NASA Slated To Launch Mission to Study Interstellar Medium Throughout The Milky Way

NASA aims to improve our understanding of the life cycle of interstellar gas in our Milky Way galaxy by launching a mission that will measure emissions from the cosmic material between stars. The data gathered will assist scientists with witnessing the formation and destruction of star-forming clouds and improve understanding of the dynamics and gas flow in the vicinity of the center of our galaxy.

The Galactic/Extragalactic ULDB Spectroscopic Terahertz Observatory (GUSTO) mission is being led by principle investigator Christopher Walker of the University of Arizona. This mission will consist of a flight of an Ultralong-Duration Balloon (ULDB) (also known as ultralong-distance balloons or super-pressure balloons) carrying a telescope with carbon, oxygen and nitrogen emission line detectors that will last between 100 and 170 days. During this time, it will produce spectral and spatial resolution information that Walker’s team need to unravel some remaining questions pertaining to the complex interstellar medium and map out large sections of the plane of our Milky Way galaxy. The data may also assist with mapping sections of the neighboring Andromeda Galaxy.

A comparison of balloons that NASA commonly uses for science missions like GUSTO. Image credit NASA

“GUSTO will provide the first complete study of all phases of the stellar life cycle, from the formation of molecular clouds, through star birth and evolution, to the formation of gas clouds and the re-initiation of the cycle,” said Paul Hertz, astrophysics division director in the Science Mission Directorate in Washington. “NASA has a great history of launching observatories in the Astrophysics Explorers Program with new and unique observational capabilities. GUSTO continues that tradition.”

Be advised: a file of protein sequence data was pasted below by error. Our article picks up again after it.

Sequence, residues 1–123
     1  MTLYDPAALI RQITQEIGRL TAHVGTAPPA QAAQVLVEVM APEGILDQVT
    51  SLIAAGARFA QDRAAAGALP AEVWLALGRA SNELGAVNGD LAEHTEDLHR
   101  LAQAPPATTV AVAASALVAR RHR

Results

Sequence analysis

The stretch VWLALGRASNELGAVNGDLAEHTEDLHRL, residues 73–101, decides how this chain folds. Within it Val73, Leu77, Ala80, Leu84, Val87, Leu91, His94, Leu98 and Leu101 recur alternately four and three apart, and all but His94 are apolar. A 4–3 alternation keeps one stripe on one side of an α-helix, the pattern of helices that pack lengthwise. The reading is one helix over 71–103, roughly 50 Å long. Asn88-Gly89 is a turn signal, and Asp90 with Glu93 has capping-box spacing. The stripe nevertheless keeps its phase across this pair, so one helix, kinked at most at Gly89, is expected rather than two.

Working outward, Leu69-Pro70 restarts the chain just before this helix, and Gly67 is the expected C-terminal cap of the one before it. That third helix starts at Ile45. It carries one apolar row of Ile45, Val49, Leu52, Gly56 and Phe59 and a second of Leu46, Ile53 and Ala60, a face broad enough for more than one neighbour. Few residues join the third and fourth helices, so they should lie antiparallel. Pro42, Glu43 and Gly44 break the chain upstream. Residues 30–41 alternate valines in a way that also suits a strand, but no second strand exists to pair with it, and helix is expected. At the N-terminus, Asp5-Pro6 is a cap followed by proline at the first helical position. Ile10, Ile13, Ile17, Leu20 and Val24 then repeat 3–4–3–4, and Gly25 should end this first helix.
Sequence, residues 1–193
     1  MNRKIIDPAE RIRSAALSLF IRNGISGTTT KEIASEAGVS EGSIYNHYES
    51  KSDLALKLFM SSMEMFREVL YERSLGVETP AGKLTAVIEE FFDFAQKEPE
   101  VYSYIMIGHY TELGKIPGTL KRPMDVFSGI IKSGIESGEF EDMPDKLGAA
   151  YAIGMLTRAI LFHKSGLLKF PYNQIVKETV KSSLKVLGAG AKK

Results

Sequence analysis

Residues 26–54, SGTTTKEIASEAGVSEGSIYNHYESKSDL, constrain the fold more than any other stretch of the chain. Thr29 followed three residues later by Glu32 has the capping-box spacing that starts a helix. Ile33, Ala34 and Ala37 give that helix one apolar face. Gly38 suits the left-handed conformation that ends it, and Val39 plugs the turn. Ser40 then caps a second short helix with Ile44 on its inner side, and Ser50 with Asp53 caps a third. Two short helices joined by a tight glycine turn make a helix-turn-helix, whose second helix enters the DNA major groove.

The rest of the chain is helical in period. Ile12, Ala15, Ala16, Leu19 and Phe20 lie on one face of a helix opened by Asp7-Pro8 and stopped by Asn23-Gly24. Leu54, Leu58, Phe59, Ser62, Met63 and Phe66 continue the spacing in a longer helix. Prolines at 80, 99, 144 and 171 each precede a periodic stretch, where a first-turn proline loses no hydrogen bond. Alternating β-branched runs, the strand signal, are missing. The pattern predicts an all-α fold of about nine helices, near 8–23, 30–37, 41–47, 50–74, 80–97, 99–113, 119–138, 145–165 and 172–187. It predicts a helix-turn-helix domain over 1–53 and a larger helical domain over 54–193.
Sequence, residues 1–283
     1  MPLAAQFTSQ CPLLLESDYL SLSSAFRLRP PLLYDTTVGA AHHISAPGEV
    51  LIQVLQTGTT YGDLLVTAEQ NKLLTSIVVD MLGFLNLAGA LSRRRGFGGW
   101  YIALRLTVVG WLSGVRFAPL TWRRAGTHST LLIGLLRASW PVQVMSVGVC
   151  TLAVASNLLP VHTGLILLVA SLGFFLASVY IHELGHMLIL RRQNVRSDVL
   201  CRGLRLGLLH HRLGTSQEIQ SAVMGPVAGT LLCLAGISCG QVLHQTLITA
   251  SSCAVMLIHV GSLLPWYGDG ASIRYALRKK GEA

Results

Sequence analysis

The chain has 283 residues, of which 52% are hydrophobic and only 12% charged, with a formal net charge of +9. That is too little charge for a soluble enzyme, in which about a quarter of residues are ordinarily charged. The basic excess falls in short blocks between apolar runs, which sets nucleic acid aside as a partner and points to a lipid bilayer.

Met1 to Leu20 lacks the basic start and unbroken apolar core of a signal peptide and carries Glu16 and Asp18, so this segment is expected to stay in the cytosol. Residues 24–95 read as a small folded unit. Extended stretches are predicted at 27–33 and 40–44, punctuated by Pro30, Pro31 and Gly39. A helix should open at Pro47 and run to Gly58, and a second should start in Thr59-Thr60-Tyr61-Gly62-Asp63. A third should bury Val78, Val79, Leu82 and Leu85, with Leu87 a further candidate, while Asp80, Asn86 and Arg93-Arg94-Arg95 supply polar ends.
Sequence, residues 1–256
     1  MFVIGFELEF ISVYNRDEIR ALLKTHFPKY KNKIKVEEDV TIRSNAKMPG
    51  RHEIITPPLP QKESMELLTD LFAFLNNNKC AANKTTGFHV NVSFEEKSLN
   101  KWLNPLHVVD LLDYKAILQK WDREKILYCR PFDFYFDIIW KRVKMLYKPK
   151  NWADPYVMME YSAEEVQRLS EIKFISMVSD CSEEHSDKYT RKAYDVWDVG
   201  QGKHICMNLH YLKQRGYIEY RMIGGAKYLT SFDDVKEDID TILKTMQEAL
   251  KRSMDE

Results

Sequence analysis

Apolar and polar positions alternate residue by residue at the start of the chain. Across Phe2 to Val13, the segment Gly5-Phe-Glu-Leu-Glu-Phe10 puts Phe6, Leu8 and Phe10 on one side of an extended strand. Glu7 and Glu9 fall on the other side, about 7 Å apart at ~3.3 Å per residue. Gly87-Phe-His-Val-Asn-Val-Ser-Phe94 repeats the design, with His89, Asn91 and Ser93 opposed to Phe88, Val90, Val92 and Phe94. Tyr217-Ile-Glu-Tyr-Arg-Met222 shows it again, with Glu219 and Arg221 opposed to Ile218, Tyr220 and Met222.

The balloon used for the GUSTO mission is slated to launch from a facility in McMurdo, Antarctica in 2021. The mission is estimated to cost $40 million, including the balloon launch funding and the cost of post-launch operations and data analysis.

The Johns Hopkins University Applied Physics Laboratory in Laurel, Maryland, is providing the mission operations and the balloon’s gondola platform on which the instruments will be mounted. The University of Arizona in Tucson will provide the GUSTO telescope and instrument, which will incorporate detector technologies from NASA’s Jet Propulsion Laboratory in Pasadena, California, the Massachusetts Institute of Technology in Cambridge, Arizona State University in Tempe, and SRON Netherlands Institute for Space Research.

NASA has selected this particular mission out of the eight proposals that it had received as a response to the NASA Astrophysics Explorers Program’s request for proposals issued in October 2014. A panel of NASA and other scientists and engineers has determined that GUSTO has the best potential for excellent science return with a feasible development plan.

NASA’s Explorers Program is the agency’s oldest continuous program and is designed to provide frequent, low-cost access to space using principal investigator-led space science investigations relevant to the astrophysics and heliophysics programs in agency’s Science Mission Directorate. The program has launched more than 90 missions. It began in 1958 with the Explorer 1, which discovered the Earth’s radiation belts, now called the Van Allen belt, named after the principal investigator. Another Explorer mission, the Cosmic Background Explorer, led to a Nobel Prize. NASA’s Goddard Space Flight Center in Greenbelt, Maryland manages the program for the Science Mission Directorate in Washington.

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